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Lupus and Antiphospholipid Antibody Syndrome - Topic Overview

About 1 out of 3 people with lupus produce an antibody that attacks certain blood-clotting factors, which can cause the blood to clot easily.1 A person who has this antibody and has had blood clots is said to have antiphospholipid antibody syndrome. This can lead to mild or severe blood-clotting complications, including:

A blood test can detect antiphospholipid antibodies. When diagnosed, the condition is usually treated with anticoagulants. Pregnant women with antiphospholipid antibody syndrome need to be closely monitored.

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Understanding Lupus -- Treatment

People are living longer and better with lupus than ever before. Although there's no cure for lupus, there are treatments and lifestyle changes that can help you manage your symptoms. Treatment for lupus -- also known as systemic lupus erythematosus (SLE) -- depends on your symptoms and how severe they are. Treatment can help: Ease your symptoms Bring down inflammation Prevent and relieve flares Prevent organ damage and other health problems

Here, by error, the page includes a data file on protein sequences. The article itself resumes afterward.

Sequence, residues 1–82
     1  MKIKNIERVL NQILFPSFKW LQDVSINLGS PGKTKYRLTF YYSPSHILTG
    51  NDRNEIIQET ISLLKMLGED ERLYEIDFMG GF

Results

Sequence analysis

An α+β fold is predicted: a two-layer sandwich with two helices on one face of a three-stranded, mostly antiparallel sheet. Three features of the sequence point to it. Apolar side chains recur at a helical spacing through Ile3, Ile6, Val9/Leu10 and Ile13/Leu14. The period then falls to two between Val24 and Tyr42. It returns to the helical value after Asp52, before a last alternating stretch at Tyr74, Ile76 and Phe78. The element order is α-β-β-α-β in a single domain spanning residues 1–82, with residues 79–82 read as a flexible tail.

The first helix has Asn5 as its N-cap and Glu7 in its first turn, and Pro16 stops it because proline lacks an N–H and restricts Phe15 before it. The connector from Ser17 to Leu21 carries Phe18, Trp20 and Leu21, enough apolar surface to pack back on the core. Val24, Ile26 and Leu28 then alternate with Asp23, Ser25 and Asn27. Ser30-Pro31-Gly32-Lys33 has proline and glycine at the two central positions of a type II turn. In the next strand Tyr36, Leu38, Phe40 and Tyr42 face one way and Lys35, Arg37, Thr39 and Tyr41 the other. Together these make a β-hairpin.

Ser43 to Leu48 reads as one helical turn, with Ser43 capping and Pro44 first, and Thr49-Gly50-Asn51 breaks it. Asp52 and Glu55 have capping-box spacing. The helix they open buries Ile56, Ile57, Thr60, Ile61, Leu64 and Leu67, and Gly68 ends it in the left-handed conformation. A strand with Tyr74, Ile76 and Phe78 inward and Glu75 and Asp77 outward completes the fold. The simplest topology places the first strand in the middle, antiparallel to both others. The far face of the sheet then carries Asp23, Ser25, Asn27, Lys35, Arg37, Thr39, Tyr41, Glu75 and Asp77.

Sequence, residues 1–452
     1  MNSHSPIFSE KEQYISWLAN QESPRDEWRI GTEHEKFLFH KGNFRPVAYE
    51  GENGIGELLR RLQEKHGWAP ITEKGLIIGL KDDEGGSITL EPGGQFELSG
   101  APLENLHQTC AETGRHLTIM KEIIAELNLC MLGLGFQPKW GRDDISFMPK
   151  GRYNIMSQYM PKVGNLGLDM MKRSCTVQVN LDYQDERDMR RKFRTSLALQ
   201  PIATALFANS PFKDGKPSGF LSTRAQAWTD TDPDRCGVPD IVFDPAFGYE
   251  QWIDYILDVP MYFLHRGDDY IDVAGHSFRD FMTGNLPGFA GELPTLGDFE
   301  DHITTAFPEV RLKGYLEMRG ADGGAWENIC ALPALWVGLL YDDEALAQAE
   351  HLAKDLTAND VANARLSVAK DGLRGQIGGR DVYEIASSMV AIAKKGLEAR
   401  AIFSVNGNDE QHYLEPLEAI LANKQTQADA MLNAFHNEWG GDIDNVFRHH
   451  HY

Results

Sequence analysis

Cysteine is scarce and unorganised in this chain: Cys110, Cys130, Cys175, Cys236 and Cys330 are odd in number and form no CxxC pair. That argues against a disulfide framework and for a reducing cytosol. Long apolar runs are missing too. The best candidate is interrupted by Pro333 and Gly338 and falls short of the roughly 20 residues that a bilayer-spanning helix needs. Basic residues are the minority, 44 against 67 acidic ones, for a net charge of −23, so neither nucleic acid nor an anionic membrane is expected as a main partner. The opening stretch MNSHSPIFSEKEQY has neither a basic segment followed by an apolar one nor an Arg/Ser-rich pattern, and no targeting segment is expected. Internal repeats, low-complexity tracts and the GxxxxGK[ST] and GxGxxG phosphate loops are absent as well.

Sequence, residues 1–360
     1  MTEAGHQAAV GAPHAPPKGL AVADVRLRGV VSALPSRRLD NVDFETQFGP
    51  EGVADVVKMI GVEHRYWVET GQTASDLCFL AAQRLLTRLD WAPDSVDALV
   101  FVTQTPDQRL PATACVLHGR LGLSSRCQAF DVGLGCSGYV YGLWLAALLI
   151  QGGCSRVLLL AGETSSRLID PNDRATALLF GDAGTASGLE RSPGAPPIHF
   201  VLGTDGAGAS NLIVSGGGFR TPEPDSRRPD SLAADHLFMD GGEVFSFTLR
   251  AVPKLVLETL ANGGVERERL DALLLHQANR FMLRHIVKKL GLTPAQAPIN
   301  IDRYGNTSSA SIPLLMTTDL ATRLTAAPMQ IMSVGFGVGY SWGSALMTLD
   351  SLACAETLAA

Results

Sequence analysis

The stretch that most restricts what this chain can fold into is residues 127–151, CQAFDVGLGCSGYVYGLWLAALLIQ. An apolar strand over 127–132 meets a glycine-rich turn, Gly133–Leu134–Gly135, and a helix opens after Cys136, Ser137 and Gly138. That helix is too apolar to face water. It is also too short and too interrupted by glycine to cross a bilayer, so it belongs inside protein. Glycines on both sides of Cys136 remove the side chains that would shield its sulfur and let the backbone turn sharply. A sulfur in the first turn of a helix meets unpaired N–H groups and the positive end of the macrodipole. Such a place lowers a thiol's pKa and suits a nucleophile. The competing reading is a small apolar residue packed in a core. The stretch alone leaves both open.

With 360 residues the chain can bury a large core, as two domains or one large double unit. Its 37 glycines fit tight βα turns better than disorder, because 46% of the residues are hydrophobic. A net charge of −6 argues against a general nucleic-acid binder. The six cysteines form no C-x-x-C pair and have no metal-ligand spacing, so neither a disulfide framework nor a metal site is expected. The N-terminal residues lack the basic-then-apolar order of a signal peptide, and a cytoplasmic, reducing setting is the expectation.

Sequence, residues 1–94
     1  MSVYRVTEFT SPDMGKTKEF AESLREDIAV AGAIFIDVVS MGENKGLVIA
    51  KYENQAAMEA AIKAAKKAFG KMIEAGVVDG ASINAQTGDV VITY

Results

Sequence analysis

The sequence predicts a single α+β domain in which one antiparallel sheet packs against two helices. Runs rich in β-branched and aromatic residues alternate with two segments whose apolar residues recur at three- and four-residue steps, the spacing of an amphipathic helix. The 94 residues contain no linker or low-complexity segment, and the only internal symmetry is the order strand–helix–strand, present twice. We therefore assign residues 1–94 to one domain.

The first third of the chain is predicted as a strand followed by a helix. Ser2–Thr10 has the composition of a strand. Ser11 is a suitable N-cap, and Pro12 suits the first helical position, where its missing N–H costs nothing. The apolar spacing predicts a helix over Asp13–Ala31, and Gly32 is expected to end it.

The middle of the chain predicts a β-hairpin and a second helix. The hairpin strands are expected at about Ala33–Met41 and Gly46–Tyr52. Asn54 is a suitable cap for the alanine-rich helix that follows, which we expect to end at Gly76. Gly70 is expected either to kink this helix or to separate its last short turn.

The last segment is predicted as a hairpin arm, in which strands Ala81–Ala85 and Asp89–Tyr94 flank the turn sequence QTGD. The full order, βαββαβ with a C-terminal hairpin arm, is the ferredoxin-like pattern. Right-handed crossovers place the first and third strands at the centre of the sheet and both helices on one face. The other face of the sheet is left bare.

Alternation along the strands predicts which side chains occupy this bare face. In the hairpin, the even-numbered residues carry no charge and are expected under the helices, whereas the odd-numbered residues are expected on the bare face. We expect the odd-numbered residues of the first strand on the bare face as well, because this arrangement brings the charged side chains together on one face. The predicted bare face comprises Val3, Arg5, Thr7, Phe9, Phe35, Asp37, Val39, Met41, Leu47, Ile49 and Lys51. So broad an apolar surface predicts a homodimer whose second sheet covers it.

Read the Understanding Lupus -- Treatment article > >

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WebMD Medical Reference from Healthwise

Last Updated: May 10, 2012
This information is not intended to replace the advice of a doctor. Healthwise disclaims any liability for the decisions you make based on this information.
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